News Segment


January 13, 2007

Chris Aylmer, founder member and Bassist of Samson passed away earlier this week, following a long illness.

Chris had been friends with Paul Samson for a number of years before he replaced John McCoy in late 1977. It was Chris’s idea to name the band Samson, and also to give a young drummer called Clive Burr a chance. Chris played with Samson through the Thunderstick / Bruce Dickinson period, where his solid playing held everything down giving Thunderstick the space to cut loose. During the Nicky Moore/Pete Jupp years, it was Pete’s solid foundation that enabled Chris’s melodic side to shine, and on the “Before the Storm” album he also played fretless. Although Chris wasn’t a prolific writer, his musical knowledge and ear for arrangements was paramount to the Samson sound, and the importance of his contribution cannot be overstated.

Chris and Samson parted company after the “Dont get Mad get Even” album, and Chris embarked on several projects, such as Rogue Male, Sleek, Head over Heels and M:80, but Paul and Chris remained friends, and every few years would get together with Thunderstick for a couple of days of jamming through the back catalogue. In 1990 they recorded some new material with US singer Rik Anthony, and then Chris and Paul toured through most of 1993 as a power trio with drummer Tony Tuohy, and recorded the “1993” cd. In the mid 90’s, Chris started work on his own project, Dr.Ice.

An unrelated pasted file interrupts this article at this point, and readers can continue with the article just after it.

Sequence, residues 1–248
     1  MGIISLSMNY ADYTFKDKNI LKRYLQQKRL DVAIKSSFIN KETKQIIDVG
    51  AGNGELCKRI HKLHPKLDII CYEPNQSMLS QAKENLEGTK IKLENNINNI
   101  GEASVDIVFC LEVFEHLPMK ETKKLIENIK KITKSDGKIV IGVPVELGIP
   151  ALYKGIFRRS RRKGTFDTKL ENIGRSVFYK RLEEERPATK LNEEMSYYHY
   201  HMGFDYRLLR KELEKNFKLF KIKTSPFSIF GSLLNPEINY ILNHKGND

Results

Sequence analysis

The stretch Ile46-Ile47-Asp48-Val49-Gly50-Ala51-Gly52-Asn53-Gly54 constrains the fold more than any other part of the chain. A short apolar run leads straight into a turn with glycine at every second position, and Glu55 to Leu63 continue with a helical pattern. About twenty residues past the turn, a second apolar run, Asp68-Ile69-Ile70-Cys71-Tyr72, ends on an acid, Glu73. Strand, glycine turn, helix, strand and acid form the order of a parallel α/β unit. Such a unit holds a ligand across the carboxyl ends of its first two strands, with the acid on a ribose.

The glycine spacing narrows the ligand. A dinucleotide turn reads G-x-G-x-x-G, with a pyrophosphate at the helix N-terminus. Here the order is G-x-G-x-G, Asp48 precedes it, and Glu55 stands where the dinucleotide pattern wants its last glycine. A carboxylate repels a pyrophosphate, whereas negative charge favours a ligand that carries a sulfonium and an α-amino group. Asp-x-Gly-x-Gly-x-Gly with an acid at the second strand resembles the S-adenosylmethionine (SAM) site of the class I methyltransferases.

In 1999, after much speculation, the trio of Paul, Chris and Thunderstick reformed. Bruce Dickinson showed interest in playing some shows, but they eventually played a NWOBHM anniversary show in Tokyo as a 3 piece, to critical acclaim. On their return to the UK, Nicky Moore rejoined as vocalist, and they played shows in the UK, as well as the Wacken festival in Germany. Chris co-wrote some of the songs that appeared the posthumous Paul Samson cd “P.S….”, and although he didnt play on the recordings, his bassline and arrangement on “Murder” played a crucial part.

Chris was a private, peaceful person who had started to get involved in teaching music in the community before his illness took hold. He will be greatly missed.

Rob Grain 12th January 2007

Courtesy of